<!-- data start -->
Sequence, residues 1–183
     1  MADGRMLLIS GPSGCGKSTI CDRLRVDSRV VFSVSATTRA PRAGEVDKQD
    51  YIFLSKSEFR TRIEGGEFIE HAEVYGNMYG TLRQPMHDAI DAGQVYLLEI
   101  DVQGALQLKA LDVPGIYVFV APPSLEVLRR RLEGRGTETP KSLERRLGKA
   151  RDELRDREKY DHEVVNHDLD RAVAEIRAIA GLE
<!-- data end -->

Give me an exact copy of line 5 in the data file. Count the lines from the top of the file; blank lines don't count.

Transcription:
   151  RDELRDREKY DHEVVNHDLD RAVAEIRAIA GLE